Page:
Build types#

While working with a compiled language (e.g. C++), you may have to select one of a few different build types.
Each one has its own pros and cons and should be used for specific purposes.

Predefined build types#

Standard build types are : Debug, Release, Release with Debug Information and Minimum Size Release.


You can create your own easily. Feel free to be inspired by those shown below.

Different types are meant to alter the compilation flags to provide different binaries and other files, such as :

  • optimization level - if and how the code is optimized (speed, size)

  • debug informations - if must provide some data to be able to reuse the binaries and find the cause of a crash

  • assert and other outputs - if should disable the asserts or not, if the output is redirected somewhere or nulled

  • specific build tweaks - can enable better or faster FPU calculations, how the data is aligned, the dialect to use, enabling implicit conversions, language specifics warnings …

  • and many more …

In fact, the optimization level hides the use of multiple other flags that will tweak how the binaries are produced.

Optimization level#

The optimization level is set through a flag : -O/0/1/2/3/4, -Ofast, -Omin, -Os/z/g ....
Those are compiler dependent (see GCC’s compiler documentation), but the most common are :

Optimization level flag


-O0 / none

Straightforward compilation. No rearrangement. Debugging produce the expected result (even dead code is compiled). Default level.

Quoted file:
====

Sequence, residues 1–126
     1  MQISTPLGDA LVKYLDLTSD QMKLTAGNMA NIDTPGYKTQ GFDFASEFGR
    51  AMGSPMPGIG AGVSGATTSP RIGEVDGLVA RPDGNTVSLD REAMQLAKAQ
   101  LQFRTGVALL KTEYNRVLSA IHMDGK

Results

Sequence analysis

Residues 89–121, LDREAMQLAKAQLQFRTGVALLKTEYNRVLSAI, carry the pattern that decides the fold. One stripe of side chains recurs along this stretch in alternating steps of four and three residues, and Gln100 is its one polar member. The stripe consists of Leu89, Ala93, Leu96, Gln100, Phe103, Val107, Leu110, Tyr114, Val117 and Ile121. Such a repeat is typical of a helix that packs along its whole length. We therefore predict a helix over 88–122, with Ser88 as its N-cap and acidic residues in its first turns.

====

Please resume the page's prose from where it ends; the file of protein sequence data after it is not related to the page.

-O / -O1

Tries to reduce code size and execution time. No speed-space tradeoffs. No instruction scheduling (pipeline). May take longer to compile. Provide a good debug experience.


Same as -O1, with pipeline activated. Standard used for release.


Further optimizations such as function inlining. If the L1 cache is big enough, the code may run faster. Otherwise, it will slow down since the same procedure may be composed of more instructions.


Aim for code size reduction, with near -O2/3 performance.


Aim for the fastest code, with -O3 optimizations and fast maths applied.


Higher optimization levels (may) need more time to compile.


-O3 may create some problems if you rely on undefined behaviors, problems not seen with lower optimization levels.


The Debug build aims to provide debuggable binaries.
Common flags are -O0 and -g, to force no optimization and debug data output.
Asserts are enabled, and debug info (enabling step by step) are generated.
Common use case is development.


You must run tests in Release too. Since optimizations are applied, you must ensure that no bugs appear in your program.

Release with Debug Information#

The Release with Debug Information build aims to provide optimized, with debug info binaries.
Common flags are -O2, -g, and -DNDEBUG to force great optimization, with debug info.
Asserts are disabled. While debug info are produced, step by step will not work very well (but breakpoints are still usable).
Common use case is for internal use, to be able to trace the problem in case of a crash, or if you send it for a developer to reuse inside its program. You may choose to not ship debug info to the final client tho.


The Release build aims to provide optimized binaries.
Common flags are -O3 and -DNDEBUG to force great optimization.
Asserts are disabled. No debug info are produced.
Common use case is for distribution. Beware that it will not be possible to backtrace where the error occured.

Minimum Size Release#

The Minimum Size Release build aims to provide optimized, while as small as possible binaries.
Common flags are -Os and -DNDEBUG to force great optimization while aiming for small size.
Asserts are disabled. The binary is as small as possible to fit on more restrained devices.
Common use case are embedded environments. It can also be used to reduce DLL sizes if used by many processes.

DLL LIB Libraries